Wading into a literary skirmish, French newspaper Le Monde has published a never-before-seen letter from Simone de Beauvoir to one of her lovers, director Claude Lanzmann.
In the 1953 letter, Beauvoir writes of her devotion to the young Lanzmann, the director of Shoah, who was then in his late twenties—18 years her junior. “I don’t feel myself arriving or leaving, I don’t know where I am, I am nowhere,” she writes (link in French). “I adore you, body and soul, with all my body and all my soul.”
The letter is one of 112 Lanzmann has sold to Yale University. According to Agence France-Presse, Lanzmann, now 92, fears that Sylvie le Bon de Beauvoir, Beauvoir’s adopted daughter and executrix, would publish all the writer’s letters but the ones to him, and his role in the life of the author of The Second Sex and The Woman Destroyed would be forgotten.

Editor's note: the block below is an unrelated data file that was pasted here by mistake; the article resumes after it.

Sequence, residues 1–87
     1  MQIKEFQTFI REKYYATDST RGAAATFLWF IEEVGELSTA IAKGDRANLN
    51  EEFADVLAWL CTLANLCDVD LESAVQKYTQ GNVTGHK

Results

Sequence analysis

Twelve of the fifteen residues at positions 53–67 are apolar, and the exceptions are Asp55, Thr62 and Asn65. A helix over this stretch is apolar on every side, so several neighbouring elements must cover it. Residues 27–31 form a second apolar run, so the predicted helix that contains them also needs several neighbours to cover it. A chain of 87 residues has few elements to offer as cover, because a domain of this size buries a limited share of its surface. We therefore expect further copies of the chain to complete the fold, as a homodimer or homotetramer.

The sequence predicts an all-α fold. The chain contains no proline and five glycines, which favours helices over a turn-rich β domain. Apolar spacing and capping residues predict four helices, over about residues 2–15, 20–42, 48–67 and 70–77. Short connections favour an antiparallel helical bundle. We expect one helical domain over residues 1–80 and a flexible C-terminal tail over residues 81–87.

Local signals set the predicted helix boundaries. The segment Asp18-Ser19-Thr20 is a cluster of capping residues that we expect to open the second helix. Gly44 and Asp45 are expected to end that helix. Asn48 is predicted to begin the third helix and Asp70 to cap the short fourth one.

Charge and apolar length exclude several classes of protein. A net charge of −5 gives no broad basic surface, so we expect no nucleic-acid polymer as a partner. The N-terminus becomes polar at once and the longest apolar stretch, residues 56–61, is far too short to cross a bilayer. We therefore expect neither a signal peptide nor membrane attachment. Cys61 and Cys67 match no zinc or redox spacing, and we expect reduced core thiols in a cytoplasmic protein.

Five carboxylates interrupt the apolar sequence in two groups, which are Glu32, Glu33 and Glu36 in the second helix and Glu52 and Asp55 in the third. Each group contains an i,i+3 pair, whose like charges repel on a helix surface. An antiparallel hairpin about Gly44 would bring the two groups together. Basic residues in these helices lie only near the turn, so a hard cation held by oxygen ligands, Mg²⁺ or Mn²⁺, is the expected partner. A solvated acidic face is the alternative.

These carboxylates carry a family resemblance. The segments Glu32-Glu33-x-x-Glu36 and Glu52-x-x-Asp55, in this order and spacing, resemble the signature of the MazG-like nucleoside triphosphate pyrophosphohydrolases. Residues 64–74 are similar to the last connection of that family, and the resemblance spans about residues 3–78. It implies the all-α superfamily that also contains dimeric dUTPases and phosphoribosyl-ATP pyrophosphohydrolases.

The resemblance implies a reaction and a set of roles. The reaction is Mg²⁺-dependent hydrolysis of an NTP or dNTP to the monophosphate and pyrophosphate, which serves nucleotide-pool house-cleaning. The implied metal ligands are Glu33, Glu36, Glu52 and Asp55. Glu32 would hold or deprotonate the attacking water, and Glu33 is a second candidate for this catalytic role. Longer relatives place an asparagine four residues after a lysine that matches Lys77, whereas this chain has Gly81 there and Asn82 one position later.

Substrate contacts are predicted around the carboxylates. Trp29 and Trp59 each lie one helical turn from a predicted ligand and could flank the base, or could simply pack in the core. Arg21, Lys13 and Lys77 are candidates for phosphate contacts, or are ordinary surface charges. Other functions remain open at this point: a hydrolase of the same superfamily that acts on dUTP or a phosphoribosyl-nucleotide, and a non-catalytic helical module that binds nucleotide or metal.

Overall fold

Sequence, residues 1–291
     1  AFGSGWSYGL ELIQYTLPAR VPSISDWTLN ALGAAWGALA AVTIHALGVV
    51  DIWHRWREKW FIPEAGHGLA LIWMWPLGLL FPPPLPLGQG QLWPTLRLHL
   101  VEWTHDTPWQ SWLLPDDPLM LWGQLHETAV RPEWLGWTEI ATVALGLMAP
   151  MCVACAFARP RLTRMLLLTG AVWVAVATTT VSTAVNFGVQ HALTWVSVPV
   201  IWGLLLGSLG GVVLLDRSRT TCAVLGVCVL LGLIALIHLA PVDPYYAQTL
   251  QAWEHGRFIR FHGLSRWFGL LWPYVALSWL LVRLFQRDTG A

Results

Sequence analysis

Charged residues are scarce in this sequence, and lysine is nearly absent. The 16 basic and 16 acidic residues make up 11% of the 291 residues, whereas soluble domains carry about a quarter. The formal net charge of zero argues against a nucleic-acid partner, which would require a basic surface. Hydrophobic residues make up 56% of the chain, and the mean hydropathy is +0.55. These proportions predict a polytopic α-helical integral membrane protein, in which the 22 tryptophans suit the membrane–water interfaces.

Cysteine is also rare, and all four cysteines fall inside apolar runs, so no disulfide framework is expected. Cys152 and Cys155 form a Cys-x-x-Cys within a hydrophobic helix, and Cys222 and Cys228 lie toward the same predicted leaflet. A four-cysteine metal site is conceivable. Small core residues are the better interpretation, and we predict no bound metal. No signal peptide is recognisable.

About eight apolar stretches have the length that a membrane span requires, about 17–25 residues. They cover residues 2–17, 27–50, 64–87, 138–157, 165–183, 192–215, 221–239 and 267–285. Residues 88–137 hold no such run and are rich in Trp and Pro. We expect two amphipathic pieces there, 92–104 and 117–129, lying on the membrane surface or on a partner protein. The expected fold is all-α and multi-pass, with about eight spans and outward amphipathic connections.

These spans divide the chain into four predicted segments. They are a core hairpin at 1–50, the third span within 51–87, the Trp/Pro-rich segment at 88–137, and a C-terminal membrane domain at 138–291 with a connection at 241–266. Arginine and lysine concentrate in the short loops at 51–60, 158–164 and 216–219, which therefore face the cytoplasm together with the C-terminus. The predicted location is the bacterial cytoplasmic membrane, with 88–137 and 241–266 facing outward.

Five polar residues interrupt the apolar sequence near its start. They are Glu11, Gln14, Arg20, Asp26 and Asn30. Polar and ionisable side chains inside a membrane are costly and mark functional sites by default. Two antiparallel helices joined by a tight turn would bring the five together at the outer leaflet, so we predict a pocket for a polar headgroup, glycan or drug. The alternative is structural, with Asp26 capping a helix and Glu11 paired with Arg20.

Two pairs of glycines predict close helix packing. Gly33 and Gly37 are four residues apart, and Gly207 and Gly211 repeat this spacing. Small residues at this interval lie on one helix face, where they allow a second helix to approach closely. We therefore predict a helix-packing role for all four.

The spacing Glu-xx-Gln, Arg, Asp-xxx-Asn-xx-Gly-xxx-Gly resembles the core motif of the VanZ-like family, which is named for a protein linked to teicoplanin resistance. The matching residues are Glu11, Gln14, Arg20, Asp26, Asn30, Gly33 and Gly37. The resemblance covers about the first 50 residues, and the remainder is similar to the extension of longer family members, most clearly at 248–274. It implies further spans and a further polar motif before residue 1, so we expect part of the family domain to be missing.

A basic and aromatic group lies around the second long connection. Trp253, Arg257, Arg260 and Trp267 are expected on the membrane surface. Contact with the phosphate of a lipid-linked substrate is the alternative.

It’s not the first time Beauvoir has been caught up in a posthumous book dispute. Her longtime non-monogamous relationship with philosopher Jean-Paul Sartre and their Olympic-level games of lies and predatory seduction were the stuff of literary legend. (After Beauvoir began her affair with Lanzmann, Sartre started one with Lanzmann’s sister, for example.) But the two have separate executrices, and they’ve kept a close watch over Beauvoir and Sartre’s divided legacies. Ten years ago, Le Bon de Beauvoir went head to head with Arlette Elkaïm-Sartre, his adopted daughter—and also, briefly, his lover—over a book about the two French writers.